The fighting is pretty easy as well. Batman is equipped with a punch, a kick, and a catch-all defend button. Button-mashing will get you through almost all but the toughest bad guys. Again, it’s fodder for developmentally-challenged gamers, but at least it looks pretty cool thanks to some nifty, context-sensitive animations.

And while Batman Begin‘s controls are far from deep, they can still be satisfying. When you grapple up the side of a building, unhook yourself and then swoop menacingly down onto opponents, you can see the draw of vigilante justice. Controlling Batman just feels good, especially when connecting a haymaker punch to an unfortunate jaw.

It’s too bad that this sense of visceral power doesn’t apply to Batman’s stealth moves. If Batman hangs from a beam over a bad guy, he can zip down a cable, grab the guy, and dispatch him quietly. This looks appropriately brutal, except that it’s basically a scripted movie. Stealth kills and other special moves are similar, the camera panning around Batman as he pulls off the complicated move you triggered with a single button press. If we just wanted to watch Batman kick ass, we’d go see the movie.

In an unabashedly obvious repackaging job, the game includes Batmobile sequences that use the Burnout 3 engine. While that game’s sense of speed and reckless crash sequences were awesome, the Batmobile scenes are a poor imitation. Gone are the blurring effects in the environment, the spectacular crashes and the turbo accumulation. There are no drift effects and it is unsurprisingly easy to “take down” enemy cars. At least the driving levels are short. Next time, Batman should take the bat-municipal bus and save some bat-money.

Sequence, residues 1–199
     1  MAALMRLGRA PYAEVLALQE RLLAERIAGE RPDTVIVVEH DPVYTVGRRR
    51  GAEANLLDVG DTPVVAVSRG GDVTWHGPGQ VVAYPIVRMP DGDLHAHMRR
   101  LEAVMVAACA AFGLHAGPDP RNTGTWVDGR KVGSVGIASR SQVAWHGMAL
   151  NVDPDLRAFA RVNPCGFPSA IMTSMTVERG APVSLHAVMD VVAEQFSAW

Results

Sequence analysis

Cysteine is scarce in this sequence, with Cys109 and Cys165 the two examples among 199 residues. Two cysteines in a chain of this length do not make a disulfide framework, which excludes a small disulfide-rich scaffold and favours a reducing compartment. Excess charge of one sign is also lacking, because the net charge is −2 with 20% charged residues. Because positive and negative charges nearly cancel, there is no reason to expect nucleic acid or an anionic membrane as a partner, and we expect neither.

And since what’s good for the bat is good for the gamer, you should definitely consider renting this game before you buy. If you have fingers, you should finish in under seven hours. None of the fights, puzzles or driving present much of a challenge.

While Batman Begins doesn’t look picture-perfect (the environments are a little generic), the background of Gotham is sufficiently dark and the characters are all sufficiently human-looking. The game looks nearly identical on all three console systems, though it’s perhaps a tad smoother in its Xbox manifestation.

Thankfully, the game retains all of the major actors from the movie to voice the script. This isn’t just lip-service, either – the game has loads of dialogue. In almost every area, a small picture-in-picture shows in-game movies of the bad guys goofing off and spreading rumors about Batman. This is a sweet touch, allowing the writers to add bits of narrative and character to sequences that would otherwise be pretty boring. The writing is decent, filled with touches of the dry humor that kept the movie itself from getting overly serious. Unlockables include interviews with the cast about making the game; it’s pretty funny to hear Michael Caine talk about how he hasn’t been able to get e-mail on his TV.

Still, this is little more than a weekend rental. Although its blend of stealth and action is clever, it’s also derivative and boring. Like Batman’s own troubled psyche, Batman Begins doesn’t know if there is anybody real under its slick-looking mask.